In this article, we will learn how to use Django Class-Based Views with our Django REST API and then later change our function-based views to the Class-Based one.
Difference Between Class-Based Views vs. Function-Based Views
In the earlier article, we made the entire Rest API webpage using function-based views. Using function-based views, we can’t extend the functionalities of what views can do. And that’s where class-based views come into play.
In this tutorial, we will learn to use these functionalities and make our code simpler compared to what we did in the previous article.
Creating Class-based Views in views.py
The basic syntax of Class-Based Views is given below:
class Name(APIView): def GET(self,request): ''' Code''' return response def POST(self,request): '''code''' return response
Here all the HTTP methods will act as class methods inside the particular class. This is easy to understand if you learn about Object-Oriented Programming in Python.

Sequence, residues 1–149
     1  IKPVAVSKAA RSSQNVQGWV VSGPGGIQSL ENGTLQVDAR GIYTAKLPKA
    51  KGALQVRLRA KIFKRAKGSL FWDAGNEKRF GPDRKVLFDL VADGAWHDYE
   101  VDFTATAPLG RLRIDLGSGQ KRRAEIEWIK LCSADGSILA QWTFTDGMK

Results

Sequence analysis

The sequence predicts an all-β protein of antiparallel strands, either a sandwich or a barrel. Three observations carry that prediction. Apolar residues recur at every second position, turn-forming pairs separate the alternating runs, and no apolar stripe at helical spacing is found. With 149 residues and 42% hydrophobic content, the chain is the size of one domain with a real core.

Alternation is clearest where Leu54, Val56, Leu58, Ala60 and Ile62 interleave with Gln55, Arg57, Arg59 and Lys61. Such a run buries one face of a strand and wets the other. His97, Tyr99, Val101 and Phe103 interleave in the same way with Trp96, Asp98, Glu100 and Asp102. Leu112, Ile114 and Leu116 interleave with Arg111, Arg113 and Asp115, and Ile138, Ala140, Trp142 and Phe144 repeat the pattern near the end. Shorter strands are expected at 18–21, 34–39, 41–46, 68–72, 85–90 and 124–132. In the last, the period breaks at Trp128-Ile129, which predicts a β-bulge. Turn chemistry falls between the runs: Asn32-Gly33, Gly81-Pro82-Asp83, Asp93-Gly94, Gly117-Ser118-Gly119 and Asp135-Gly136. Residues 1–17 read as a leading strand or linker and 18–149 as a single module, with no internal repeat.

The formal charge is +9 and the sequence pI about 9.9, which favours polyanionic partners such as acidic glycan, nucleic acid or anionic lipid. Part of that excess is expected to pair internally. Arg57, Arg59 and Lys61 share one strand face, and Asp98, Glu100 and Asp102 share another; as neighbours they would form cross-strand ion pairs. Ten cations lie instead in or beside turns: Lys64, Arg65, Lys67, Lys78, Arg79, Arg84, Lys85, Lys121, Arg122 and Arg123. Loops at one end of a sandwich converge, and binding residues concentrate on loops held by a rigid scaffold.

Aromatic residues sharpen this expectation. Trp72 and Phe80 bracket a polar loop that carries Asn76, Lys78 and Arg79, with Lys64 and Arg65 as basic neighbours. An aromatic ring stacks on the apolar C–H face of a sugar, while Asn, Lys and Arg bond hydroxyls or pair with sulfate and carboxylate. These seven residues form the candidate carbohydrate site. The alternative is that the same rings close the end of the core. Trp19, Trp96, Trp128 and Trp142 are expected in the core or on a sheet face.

So let’s create ItemsView class capable of showing a list of items on the webpage. Also, we will further extend our knowledge by creating an ItemView that will allow us to view, edit, and delete a specific item from the list.
from rest_framework.views import APIView from rest_framework import status
Import the above two libraries which are required to use the Class-based Views and then write the following code:
class ItemsView(APIView): def get(self,request,format =None): items = ItemsModel.objects.all() serializer = ItemSerializer(items, many =True) return JsonResponse(serializer.data, safe =False) def post(self,request,format =None): data = JSONParser().parse(request) serializer =ItemSerializer(data = data) if serializer.is_valid(): serializer.save() return JsonResponse(serializer.data,status = status.HTTP_201_CREATED) return JsonResponse(serializer.errors,status = status.HTTP_400_BAD_REQUEST)
- If you are familiar with Function-Based Views, You would have used an @csrf_exempt token to protect your webpage form forgery. But using Class-Based Views, it is already included inside APIView, and hence you don’t need to add it separately.
- Here, we need to give a request as an argument for each of the class methods.
- The HTTP methods are written as class methods.
- Inside the get() class-method, we store all the objects present in the DB into the items variable.
- Then we convert the particular information (stored in items list) into JSON format using serializer. Since we have taken all the objects from the DB, set many to TRUE.